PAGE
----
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Mourners at a memorial service at Allen Temple Baptist Church in Oakland on the same day.
Photo: Jane Tyska/San Jose Mercury News/mct/zumapress.com
A picture of Oikos University shooting victim Sonam Choedon, displayed at Richmond’s Tibetan Community Center on April 3.
Photo: Karl Mondon/Contra Costa Times/MCT/zumapress.com
Grappling with Oikos
In the wake of the worst mass killing in years, an Oaklander reflects on our rituals of grief and detachment.
James O'Brien | April 6, 2012
Even in Oakland, a city all too familiar with gun violence and bloodshed and wasted life, there was much that was unfamiliar about the Oikos University rampage on April 2. It did not happen between the statistically most deadly hours of 8 p.m. and 4 a.m. but midmorning on a sunny spring day. Only one of the seven victims was a man. None was African American. At the small Korean Christian college, a place that seemed so protected in its obscurity, its physical blandness, its gentle mission, its student body quietly striving to make it in America, One Goh allegedly killed six women and one man, including victims from the Philippines, Nigeria, and India.
Daily news articles reporting on individual murders in Oakland tend to engage in a rote, generic arithmetic of victimhood, usually along the lines of “This was the city’s 27th homicide of 2012, up two from this date last year.” It’s as if we were tracking batting averages or measuring inches of rain. As if there truly were seasons of violence and seasons of peace in a metropolis as complex and combustible as this one.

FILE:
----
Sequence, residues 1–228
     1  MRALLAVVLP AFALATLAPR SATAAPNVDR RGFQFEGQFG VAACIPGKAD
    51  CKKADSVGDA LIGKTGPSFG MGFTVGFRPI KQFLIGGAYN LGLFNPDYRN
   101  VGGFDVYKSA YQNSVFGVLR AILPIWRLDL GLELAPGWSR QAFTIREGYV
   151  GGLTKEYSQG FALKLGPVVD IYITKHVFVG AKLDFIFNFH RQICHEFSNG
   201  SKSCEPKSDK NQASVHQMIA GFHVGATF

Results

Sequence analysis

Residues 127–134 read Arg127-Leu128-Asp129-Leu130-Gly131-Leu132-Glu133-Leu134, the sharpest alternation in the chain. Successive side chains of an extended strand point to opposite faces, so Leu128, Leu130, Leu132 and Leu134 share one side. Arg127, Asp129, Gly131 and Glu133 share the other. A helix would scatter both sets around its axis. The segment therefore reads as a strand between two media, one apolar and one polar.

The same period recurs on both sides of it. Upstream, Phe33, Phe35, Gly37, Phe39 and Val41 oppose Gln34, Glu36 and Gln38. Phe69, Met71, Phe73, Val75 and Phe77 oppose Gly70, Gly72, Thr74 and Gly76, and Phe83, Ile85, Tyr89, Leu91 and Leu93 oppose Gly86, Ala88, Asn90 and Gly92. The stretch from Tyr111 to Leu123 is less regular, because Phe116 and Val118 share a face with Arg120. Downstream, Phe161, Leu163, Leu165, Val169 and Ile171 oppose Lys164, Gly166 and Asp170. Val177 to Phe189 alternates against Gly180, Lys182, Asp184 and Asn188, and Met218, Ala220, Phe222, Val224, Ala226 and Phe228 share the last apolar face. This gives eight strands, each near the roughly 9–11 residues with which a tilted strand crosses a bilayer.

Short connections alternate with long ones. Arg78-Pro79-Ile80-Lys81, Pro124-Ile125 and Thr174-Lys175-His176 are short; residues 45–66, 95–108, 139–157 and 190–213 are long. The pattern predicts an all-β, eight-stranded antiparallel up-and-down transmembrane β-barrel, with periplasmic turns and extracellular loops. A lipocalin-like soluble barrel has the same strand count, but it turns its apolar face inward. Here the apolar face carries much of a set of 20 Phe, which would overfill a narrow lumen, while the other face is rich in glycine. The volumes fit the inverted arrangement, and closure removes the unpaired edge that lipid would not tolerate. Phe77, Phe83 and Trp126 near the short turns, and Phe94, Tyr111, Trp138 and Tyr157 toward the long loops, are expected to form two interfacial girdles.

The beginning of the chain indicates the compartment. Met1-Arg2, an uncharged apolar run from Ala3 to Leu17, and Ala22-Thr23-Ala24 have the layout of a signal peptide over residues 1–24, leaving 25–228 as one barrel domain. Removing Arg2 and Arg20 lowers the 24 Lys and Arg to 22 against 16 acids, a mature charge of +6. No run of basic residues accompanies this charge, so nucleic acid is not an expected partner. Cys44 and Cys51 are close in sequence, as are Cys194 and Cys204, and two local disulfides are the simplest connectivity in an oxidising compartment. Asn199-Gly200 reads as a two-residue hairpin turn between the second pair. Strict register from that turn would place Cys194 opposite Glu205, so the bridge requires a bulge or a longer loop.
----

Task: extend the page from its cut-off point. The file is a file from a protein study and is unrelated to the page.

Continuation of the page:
I’m as guilty as any other Oaklander of following the body count. I know our inclination to quantify, categorize, and analyze is human, even necessary. But it can serve to detach us from the reality of violent death. The inconceivable carnage at Oikos is one of those events that bring us back; it transcends our habits and our unconscious efforts at detachment.
Still, in some ways these killings were not entirely different from those that occur in Oakland on an average of twice a week. They happened in mere moments. For the victims, there was little opportunity for resistance or room for escape. And then there’s this: Apparently, Goh took the lives of seven people he hadn’t even been targeting. (The former administrator he’d reportedly been pursuing no longer worked at the school.) That cruel randomness is eerily familiar, too. In 2011, errant bullets in Oakland killed three small children and wounded numerous bystanders.
Murdered kids tear us away from the coldness of our statistics, and the media often cover their stories with an unusual degree of curiosity and sensitivity. Similarly, the San Francisco Chronicle launched a series of profiles of the dead at Oikos on April 3. It was the right thing to do. At least their stories will live on. And yet, the desire to glean meaning from unfeeling data persists.
The day after the shooting, as Goh’s personal story became available, as his own financial travails and perceived affronts emerged, an exhausted, exasperated woman at the Korean Community Center of the East Bay told me how hard Korean Americans have been hit in the foreclosure crisis, how little health insurance they tend to have, how much they struggle with the language. She was not making excuses for Goh. In fact, I don’t think she knew for sure why she was sharing all this with me. Suddenly, there was just so much to tell, she hardly knew where to begin. Sitting across the table from her, looking at her red, tired eyes, neither did I.